Search Google for ‘Maca libido’ and you’ll find pages of results which describe the root of the Maca plant (Lepidium peruvianum Chacón), which hails from the Peruvian Andes, as “Peru’s Natural Viagra”. Quite a sensational claim, but surprisingly there is some hard scientific research which points to a link between taking a Maca supplement and an increased libido or sex drive.
The link between maca and sexual desire dates back to the Incan empire. Inca warriors are thought to have taken dried Maca root powder before going in to battle to increase their strength and endurance. However, legend has it that the warriors were then banned from taking Maca once they had conquered a city for fear that the sexual drive and fierce libidinous impulses that the root created in them would cause them to attack the women of the conquered city. The veracity of the legend is questionable, of course, but the fact remains that in Peru there will always be a link between Maca and increased sex drive.
Since more people around the world have started taking Maca powder or Maca capsules as a natural food supplement for a number of different health benefits, scientists, nutritionists and natural health experts have been trying to establish a more scientific and less anecdotal link between Maca and libido. In 1998, Dr Qun Yi Zheng of PureWorld Botanicals found that Maca is made up of 10% protein, nearly 60% carbohydrate and some fatty acids, but he also found that it contained compounds called macamides and macaenes, both of which are agents that, after thorough testing, were thought to be behind the Maca libido link.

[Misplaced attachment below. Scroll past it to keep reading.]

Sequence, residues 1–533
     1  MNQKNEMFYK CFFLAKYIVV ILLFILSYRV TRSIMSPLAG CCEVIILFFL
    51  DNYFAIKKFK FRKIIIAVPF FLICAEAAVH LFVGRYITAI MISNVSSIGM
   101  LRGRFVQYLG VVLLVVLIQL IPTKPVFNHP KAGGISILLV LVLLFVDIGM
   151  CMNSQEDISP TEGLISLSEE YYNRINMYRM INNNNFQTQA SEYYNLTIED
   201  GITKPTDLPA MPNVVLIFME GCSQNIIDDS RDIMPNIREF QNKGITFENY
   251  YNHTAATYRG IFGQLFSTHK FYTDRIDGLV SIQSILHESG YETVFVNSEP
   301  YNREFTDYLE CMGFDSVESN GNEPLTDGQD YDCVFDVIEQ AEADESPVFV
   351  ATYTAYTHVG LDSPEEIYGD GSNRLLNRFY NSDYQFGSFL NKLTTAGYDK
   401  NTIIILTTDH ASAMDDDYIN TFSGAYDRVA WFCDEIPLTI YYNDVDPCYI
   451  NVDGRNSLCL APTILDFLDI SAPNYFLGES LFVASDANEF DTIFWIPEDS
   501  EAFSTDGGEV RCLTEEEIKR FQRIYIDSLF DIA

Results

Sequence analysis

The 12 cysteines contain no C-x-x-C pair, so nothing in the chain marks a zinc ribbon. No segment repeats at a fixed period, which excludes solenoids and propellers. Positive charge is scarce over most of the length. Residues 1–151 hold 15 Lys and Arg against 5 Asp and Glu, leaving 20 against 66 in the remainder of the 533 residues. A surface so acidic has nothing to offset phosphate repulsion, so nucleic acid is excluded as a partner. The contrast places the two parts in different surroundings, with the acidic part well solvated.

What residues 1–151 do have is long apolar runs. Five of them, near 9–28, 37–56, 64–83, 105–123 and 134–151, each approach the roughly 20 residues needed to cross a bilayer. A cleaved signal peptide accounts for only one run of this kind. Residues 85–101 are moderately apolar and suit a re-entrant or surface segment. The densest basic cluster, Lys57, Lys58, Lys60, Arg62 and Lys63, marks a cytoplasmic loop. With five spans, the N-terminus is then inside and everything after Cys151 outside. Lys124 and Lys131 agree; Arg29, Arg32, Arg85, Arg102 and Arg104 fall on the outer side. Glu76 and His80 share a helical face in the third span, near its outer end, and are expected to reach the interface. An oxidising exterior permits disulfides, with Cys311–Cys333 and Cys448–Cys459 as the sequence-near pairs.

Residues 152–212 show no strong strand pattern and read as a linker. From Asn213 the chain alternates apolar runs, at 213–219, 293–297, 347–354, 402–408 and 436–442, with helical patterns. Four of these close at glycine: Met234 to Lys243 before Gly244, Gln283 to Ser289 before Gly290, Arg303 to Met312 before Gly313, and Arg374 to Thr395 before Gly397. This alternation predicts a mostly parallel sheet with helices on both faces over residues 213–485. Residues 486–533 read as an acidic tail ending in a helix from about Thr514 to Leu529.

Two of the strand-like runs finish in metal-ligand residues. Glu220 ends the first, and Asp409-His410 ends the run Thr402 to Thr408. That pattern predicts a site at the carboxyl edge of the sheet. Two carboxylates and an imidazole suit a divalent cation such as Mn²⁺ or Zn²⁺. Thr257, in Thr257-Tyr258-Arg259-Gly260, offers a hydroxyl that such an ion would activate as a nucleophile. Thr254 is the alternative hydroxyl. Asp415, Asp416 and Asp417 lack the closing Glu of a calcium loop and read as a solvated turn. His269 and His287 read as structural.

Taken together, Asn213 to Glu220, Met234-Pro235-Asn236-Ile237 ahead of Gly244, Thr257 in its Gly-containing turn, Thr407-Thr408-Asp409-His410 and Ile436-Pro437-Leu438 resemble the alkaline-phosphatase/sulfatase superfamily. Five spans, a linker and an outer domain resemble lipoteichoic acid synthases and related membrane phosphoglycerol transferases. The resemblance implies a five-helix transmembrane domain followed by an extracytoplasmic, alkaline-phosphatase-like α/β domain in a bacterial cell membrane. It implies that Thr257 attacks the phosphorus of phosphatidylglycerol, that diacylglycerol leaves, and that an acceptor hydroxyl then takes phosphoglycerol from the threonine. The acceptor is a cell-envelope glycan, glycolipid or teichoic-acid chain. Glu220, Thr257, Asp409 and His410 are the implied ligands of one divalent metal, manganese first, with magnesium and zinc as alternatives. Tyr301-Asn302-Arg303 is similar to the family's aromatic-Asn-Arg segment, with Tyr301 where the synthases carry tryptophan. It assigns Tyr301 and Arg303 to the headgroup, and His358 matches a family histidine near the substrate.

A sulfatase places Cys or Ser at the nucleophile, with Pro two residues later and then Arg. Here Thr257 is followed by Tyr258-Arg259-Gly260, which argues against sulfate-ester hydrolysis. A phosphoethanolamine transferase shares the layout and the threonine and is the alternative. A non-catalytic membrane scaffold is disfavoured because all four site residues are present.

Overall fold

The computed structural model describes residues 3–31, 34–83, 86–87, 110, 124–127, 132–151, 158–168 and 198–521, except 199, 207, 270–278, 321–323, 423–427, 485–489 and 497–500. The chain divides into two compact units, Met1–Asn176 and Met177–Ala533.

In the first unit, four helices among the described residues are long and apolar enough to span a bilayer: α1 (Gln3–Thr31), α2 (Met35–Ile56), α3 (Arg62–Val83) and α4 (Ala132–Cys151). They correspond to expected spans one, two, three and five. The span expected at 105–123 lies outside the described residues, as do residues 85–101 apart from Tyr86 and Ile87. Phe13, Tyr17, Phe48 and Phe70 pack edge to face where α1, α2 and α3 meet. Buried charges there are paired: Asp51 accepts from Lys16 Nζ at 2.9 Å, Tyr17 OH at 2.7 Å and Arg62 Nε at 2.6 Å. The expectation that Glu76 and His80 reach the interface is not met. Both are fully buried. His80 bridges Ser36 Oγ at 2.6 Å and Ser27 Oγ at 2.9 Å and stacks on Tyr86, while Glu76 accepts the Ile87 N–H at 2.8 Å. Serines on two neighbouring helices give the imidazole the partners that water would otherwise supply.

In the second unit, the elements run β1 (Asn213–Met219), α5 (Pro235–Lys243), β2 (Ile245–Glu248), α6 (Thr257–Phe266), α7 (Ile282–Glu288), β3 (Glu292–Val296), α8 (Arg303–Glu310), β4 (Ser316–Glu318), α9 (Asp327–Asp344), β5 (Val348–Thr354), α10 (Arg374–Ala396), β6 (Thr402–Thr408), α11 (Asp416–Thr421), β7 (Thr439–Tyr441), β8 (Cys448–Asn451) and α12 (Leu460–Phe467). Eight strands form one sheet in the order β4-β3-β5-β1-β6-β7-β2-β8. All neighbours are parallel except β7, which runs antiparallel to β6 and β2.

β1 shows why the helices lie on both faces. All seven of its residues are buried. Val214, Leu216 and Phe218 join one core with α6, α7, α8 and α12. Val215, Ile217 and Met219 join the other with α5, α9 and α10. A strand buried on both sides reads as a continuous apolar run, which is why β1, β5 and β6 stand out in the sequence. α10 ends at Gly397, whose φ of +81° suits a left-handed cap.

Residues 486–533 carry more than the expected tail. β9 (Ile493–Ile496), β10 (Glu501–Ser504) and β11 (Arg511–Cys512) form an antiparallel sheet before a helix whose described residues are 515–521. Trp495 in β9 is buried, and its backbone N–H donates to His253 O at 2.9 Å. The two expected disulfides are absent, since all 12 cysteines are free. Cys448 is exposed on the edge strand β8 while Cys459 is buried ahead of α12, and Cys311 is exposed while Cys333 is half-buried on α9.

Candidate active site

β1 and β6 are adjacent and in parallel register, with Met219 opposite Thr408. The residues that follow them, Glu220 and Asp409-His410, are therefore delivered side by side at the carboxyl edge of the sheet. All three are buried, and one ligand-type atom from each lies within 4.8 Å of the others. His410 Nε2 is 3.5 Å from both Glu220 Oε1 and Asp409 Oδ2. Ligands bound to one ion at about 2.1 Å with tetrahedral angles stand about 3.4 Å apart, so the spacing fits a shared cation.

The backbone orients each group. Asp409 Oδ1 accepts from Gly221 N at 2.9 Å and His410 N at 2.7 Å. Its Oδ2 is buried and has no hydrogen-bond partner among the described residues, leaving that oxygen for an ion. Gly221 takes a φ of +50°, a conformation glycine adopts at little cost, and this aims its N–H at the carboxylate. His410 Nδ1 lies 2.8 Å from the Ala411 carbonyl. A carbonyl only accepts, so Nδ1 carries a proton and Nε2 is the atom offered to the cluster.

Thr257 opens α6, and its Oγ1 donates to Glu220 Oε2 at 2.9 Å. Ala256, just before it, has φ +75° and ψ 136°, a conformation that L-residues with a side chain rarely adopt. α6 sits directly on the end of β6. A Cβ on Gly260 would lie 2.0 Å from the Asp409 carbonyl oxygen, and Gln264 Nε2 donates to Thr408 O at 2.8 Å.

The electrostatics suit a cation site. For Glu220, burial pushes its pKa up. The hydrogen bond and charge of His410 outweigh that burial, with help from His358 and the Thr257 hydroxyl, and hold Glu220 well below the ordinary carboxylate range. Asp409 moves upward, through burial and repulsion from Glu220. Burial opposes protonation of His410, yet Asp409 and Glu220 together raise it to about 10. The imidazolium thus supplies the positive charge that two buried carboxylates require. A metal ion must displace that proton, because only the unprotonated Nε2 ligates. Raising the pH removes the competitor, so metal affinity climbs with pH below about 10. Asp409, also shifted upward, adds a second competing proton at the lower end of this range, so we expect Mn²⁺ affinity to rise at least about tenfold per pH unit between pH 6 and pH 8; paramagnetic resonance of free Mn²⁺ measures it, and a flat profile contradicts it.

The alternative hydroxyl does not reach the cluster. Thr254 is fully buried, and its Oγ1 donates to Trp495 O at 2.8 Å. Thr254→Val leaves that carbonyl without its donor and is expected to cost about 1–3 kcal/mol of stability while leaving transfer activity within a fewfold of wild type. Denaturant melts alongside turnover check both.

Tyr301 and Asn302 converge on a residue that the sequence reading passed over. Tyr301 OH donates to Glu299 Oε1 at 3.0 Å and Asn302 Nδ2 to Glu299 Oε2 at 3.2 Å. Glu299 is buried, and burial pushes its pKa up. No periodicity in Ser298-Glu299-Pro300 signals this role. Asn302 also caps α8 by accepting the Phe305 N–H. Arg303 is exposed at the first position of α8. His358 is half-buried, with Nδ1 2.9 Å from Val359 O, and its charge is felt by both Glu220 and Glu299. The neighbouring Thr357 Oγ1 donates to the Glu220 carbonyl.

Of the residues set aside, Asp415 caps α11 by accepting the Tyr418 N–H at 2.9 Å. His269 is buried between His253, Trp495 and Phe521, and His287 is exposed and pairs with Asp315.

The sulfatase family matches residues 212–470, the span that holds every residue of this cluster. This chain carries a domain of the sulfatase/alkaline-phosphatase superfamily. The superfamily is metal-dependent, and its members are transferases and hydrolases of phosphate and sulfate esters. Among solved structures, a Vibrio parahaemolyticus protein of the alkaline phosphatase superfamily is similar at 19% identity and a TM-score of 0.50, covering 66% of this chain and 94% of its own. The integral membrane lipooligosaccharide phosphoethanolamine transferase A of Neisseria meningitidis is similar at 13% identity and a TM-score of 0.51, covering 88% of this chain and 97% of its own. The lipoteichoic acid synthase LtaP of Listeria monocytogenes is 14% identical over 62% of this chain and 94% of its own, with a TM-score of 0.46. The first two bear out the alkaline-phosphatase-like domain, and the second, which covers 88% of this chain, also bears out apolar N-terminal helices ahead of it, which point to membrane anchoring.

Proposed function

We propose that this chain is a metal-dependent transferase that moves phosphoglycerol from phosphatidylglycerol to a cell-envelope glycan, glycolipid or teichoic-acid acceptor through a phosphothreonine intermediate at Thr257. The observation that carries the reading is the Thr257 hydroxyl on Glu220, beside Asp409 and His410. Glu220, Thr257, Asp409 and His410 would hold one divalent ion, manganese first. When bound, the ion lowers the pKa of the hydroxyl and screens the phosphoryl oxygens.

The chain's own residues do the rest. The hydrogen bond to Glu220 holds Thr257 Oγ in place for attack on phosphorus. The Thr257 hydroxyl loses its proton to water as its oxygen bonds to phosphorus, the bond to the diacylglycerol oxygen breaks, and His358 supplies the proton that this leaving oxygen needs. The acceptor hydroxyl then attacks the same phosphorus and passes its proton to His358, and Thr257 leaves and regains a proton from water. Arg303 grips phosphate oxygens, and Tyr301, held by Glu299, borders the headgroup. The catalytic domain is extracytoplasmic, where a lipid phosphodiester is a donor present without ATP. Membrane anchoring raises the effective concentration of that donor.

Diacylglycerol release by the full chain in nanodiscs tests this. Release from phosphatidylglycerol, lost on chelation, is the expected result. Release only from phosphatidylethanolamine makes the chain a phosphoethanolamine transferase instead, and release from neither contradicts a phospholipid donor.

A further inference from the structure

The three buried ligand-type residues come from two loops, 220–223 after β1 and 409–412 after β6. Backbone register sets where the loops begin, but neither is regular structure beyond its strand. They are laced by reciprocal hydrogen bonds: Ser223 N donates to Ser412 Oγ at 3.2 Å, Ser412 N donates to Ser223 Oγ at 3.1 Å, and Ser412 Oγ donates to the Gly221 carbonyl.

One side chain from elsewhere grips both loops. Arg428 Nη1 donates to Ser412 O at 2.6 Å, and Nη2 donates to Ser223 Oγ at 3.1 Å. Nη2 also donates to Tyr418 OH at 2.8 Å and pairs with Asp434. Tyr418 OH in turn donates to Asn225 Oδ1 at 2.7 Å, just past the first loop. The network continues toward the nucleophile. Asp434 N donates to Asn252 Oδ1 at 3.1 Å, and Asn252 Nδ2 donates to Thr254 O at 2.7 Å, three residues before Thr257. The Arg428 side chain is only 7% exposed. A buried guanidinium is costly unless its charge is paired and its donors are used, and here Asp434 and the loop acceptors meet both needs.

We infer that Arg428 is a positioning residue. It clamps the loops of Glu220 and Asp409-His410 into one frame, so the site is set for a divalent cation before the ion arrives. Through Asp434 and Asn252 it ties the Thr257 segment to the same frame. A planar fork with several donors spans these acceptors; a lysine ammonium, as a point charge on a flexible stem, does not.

Since Dr Zheng’s initial research, there have been a number of scientific tests on both animals (mice and rats) and humans that seem to back up a connection between taking Maca and increased sexual desire and/or function. The ‘Urology’ study of 2000 found that providing Maca supplements “led to a tripling of sexual activity of mice”, while the ‘J Ethnopharmacol’ study of 2001 stated that Maca was shown to ““significantly improve sexual performance parameters in male rats”. The ‘Andrologia’ study of 2002 was a placebo-controlled trial of humans which “demonstrated Maca’s ability to increase sexual desire in men aged 21 to 56.”
While Maca has fervent fans around the world who swear by this natural supplement for a whole host of benefits, having sound scientific research which goes some way to support the claims of Maca as a libido-booster (or “natural Viagra”) is sure to attract yet more fans.